Smoke and mirrors: Gary Indiana chronicles America's sinister side.
photo: Sylvia Plachy
Smoke and mirrors: Gary Indiana chronicles America's sinister side.

He winces a little as he says, "People thought I was gratuitously vicious, but I was just trying to be honest. It gave me the opportunity to introduce a note of dissonance into the march of folly. . . . People think that you're self-destructive if you're willing to make gestures against power that insure the making of enemies. But if your only concern in life is your success and viability among the people who wield power, then you might as well just start taking a lot of Klonopin every day."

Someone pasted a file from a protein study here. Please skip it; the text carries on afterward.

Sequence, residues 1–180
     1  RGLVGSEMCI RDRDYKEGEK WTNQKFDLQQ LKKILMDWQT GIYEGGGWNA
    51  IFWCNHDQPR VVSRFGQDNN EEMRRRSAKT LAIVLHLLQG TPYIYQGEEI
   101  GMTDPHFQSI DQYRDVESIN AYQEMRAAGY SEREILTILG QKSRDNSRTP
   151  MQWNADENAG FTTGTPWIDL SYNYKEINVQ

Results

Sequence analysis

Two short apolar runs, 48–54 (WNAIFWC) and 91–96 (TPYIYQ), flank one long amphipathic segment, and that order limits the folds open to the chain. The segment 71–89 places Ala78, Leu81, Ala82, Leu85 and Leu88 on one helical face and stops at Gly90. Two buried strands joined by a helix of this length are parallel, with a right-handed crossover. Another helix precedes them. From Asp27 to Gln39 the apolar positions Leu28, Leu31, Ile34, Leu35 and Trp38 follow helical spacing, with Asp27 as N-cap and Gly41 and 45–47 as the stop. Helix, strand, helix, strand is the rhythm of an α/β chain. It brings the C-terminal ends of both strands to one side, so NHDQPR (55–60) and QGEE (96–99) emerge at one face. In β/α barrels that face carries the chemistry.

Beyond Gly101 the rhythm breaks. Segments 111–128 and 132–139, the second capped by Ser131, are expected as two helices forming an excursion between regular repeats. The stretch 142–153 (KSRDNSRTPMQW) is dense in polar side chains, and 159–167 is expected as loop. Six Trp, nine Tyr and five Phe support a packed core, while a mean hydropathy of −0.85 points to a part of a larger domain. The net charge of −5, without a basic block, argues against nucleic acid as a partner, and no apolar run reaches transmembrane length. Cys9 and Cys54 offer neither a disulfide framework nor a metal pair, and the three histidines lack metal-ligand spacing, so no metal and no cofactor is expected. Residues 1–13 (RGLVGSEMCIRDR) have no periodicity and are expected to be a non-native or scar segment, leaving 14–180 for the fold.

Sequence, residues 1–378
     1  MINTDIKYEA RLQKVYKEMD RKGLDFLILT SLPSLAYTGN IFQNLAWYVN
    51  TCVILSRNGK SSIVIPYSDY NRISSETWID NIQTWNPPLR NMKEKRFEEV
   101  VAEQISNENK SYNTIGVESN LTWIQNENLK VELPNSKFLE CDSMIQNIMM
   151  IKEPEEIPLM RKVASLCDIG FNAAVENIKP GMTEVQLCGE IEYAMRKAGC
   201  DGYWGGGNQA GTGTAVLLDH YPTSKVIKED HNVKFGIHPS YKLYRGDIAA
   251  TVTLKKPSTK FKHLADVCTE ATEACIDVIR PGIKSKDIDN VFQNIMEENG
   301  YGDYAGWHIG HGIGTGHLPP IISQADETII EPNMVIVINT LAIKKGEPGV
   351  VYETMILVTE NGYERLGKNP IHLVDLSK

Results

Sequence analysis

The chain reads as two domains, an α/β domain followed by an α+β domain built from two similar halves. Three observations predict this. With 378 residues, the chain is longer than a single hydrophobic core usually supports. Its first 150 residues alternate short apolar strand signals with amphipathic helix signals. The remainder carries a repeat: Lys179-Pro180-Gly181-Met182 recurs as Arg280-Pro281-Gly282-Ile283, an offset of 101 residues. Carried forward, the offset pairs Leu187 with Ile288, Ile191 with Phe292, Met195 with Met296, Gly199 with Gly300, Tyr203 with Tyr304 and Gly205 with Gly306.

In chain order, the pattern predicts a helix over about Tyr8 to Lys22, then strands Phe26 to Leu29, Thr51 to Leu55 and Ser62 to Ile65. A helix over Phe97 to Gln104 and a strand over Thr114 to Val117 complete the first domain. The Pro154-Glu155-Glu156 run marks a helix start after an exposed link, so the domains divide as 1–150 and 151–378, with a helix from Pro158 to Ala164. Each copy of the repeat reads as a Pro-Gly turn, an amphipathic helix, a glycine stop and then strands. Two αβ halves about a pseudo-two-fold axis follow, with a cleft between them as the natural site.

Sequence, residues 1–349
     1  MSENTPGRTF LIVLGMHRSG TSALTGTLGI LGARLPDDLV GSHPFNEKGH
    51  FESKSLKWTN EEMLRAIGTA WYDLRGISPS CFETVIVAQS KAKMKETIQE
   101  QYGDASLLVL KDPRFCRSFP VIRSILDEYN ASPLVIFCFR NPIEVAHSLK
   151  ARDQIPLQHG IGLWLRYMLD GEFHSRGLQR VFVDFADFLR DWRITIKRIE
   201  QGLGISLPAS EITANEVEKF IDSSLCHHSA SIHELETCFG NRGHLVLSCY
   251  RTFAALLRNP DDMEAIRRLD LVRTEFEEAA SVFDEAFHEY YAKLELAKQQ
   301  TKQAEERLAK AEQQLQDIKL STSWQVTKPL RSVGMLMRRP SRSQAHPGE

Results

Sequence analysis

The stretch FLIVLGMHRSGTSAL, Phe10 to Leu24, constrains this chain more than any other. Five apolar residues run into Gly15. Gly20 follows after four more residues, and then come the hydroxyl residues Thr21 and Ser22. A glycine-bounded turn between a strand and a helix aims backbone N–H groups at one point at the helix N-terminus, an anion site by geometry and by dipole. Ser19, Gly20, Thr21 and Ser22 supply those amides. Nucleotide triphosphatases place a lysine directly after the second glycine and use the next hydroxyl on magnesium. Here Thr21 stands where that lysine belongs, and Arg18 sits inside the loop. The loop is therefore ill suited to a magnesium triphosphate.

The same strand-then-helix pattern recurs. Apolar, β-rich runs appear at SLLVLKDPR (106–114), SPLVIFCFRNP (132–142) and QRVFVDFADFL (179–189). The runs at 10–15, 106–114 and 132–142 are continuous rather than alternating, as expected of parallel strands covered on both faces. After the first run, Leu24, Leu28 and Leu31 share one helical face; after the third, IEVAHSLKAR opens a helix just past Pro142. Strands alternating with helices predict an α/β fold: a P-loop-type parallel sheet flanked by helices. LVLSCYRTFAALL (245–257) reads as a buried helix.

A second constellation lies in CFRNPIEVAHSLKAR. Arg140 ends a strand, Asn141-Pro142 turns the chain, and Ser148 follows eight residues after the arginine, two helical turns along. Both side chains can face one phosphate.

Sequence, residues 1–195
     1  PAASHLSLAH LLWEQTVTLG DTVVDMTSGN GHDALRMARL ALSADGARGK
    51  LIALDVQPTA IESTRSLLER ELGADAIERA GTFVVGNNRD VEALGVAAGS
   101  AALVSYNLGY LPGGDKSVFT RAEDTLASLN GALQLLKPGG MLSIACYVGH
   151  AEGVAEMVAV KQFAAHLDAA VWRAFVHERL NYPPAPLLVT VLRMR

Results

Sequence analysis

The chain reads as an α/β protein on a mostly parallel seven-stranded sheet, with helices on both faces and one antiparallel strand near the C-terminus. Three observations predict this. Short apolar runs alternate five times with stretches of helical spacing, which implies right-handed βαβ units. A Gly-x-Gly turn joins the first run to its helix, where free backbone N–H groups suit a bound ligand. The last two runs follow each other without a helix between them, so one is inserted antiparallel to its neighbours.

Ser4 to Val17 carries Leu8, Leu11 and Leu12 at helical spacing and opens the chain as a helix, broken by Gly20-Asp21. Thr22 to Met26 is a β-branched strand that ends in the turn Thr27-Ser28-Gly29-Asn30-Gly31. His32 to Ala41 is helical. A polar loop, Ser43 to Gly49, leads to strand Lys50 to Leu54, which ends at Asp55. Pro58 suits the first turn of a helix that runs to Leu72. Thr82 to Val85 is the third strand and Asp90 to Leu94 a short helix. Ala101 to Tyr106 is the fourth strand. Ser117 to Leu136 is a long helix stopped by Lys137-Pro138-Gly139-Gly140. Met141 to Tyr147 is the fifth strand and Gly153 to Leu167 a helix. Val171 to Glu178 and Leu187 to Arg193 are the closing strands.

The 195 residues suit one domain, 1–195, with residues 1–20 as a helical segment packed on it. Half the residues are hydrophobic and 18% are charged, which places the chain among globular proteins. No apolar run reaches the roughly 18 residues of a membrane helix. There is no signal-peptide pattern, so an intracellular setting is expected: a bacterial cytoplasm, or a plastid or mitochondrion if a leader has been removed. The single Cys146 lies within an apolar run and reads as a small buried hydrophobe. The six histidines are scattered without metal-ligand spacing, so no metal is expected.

Several years after he'd cemented his reputation as a troublemaking critic, Indiana published his debut novel. Horse Crazy is a beautiful sliver of obsession, narrated by an art critic who falls for a manipulative young junkie. The two novels that followed—Gone Tomorrow, which depicted brutal hedonism among a European movie crew, and Rent Boy, a black comedy about a savvy hustler—led critics to stereotype Indiana as a transgressive writer. It's true that there's plenty of drugs, gay sex, and violence in his early fiction, but the moniker always seemed too narrow. Transgressive fiction is mostly, as he bitchily puts it, "people writing dirty things about themselves, with varying degrees of skill," and though he admits that Horse Crazy is semiautobiographical, it's also clear that Indiana spends as much energy presenting social context as he does sketching a narrator in his books.